Re: Polarization is digital, sort of
Hara Ra (harara@shamanics.com)
Thu, 01 May 1997 22:56:31 -0700
John K Clark wrote:
> If a beam of light is polarized at 0 degrees and you set your polarizer at
> X degrees then the number of photons in the beam will be reduced by
> [cos(X)]^2, for 45 degrees that is 50%. For an individual photon there is a
> 50% chance it will make it through and a 50% chance it will not, if it does
> make it through the amplitude has not been changed at all, if fact nothing at
> all about the photon has been changed because it has ALWAYS been polarized at
> exactly 45%. I don't claim this is a sensible way to run a universe, but it
> has been conformed experimentally, some call it "Quantum Weirdness".
>
Wrong. You can run your photon through a set of filters, each of which
is 45 degrees turned relative to the previous filter. If the photon was
originally at 45 degrees, it will always be blocked by the second filter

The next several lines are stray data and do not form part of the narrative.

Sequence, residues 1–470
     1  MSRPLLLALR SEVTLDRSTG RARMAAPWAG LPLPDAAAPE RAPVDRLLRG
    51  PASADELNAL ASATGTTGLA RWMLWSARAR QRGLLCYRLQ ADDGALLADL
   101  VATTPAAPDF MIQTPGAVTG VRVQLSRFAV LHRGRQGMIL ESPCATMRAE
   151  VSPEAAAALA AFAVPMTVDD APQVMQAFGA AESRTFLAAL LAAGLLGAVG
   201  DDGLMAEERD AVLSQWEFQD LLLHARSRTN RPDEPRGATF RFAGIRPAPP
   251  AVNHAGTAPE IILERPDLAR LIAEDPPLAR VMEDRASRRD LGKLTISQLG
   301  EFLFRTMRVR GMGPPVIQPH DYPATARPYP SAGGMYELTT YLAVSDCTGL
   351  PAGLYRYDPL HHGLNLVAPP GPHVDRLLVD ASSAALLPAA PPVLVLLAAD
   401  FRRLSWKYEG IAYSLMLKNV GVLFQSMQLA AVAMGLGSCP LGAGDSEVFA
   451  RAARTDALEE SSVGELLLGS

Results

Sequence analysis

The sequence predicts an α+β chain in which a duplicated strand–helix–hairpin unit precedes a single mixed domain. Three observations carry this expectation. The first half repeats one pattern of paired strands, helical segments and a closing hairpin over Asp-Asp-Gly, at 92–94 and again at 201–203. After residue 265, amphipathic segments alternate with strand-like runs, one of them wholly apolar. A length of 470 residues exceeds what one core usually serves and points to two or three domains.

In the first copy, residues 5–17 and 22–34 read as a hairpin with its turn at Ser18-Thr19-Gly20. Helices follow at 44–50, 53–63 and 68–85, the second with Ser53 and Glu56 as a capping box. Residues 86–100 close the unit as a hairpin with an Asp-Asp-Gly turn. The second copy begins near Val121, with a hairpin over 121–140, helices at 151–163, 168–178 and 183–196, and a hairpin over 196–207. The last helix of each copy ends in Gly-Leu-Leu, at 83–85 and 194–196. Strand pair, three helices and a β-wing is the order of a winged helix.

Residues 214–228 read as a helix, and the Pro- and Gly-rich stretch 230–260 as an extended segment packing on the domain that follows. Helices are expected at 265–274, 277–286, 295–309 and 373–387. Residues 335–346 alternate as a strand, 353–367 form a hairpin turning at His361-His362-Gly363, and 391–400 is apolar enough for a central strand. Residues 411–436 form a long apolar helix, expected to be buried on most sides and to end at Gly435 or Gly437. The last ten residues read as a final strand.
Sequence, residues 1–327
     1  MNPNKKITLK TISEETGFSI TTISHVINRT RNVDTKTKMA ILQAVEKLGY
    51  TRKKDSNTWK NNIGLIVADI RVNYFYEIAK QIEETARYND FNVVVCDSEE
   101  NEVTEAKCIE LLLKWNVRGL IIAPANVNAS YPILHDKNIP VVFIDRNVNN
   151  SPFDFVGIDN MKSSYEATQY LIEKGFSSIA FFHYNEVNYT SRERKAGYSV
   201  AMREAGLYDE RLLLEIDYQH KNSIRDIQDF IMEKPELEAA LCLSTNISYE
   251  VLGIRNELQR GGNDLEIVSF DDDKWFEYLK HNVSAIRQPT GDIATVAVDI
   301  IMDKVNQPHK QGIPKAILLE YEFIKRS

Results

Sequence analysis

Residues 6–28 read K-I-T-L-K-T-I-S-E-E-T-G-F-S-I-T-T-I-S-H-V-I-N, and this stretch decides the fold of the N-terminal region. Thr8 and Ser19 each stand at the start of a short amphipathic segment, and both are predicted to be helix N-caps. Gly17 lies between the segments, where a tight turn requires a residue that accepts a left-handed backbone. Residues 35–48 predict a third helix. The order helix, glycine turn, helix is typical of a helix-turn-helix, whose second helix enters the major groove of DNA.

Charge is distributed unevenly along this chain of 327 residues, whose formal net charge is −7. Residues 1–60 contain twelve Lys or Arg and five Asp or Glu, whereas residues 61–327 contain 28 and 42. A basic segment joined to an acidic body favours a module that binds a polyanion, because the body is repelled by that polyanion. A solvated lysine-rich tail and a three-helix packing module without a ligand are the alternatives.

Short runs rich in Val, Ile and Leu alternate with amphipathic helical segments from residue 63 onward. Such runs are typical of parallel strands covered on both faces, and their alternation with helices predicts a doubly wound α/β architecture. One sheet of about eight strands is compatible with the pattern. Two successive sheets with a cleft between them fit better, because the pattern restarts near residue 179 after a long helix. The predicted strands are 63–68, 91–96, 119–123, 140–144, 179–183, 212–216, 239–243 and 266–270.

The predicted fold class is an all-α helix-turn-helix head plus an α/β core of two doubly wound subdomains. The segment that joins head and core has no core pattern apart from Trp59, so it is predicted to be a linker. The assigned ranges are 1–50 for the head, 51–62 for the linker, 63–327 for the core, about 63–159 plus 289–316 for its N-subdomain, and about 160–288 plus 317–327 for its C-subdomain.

in the series. What actually happens is that each filter takes out 50%
of the incident photons, and the second filter therefore passes 25% of
the photons, the third passes 12.5%, etc. The point is that quantum
values are indeterminate, which means not fixed until measured!
> Some atoms produce 2 photons of the same polarization but traveling in
> opposite directions, so if you measure the polarization of one you know the
> polarization of the other.
Sure, if the other photon hasn't interacted with something, which you
can't know faster than light speed.
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| Hara Ra <harara@shamanics.com> |
| Box 8334 Santa Cruz, CA 95061 |
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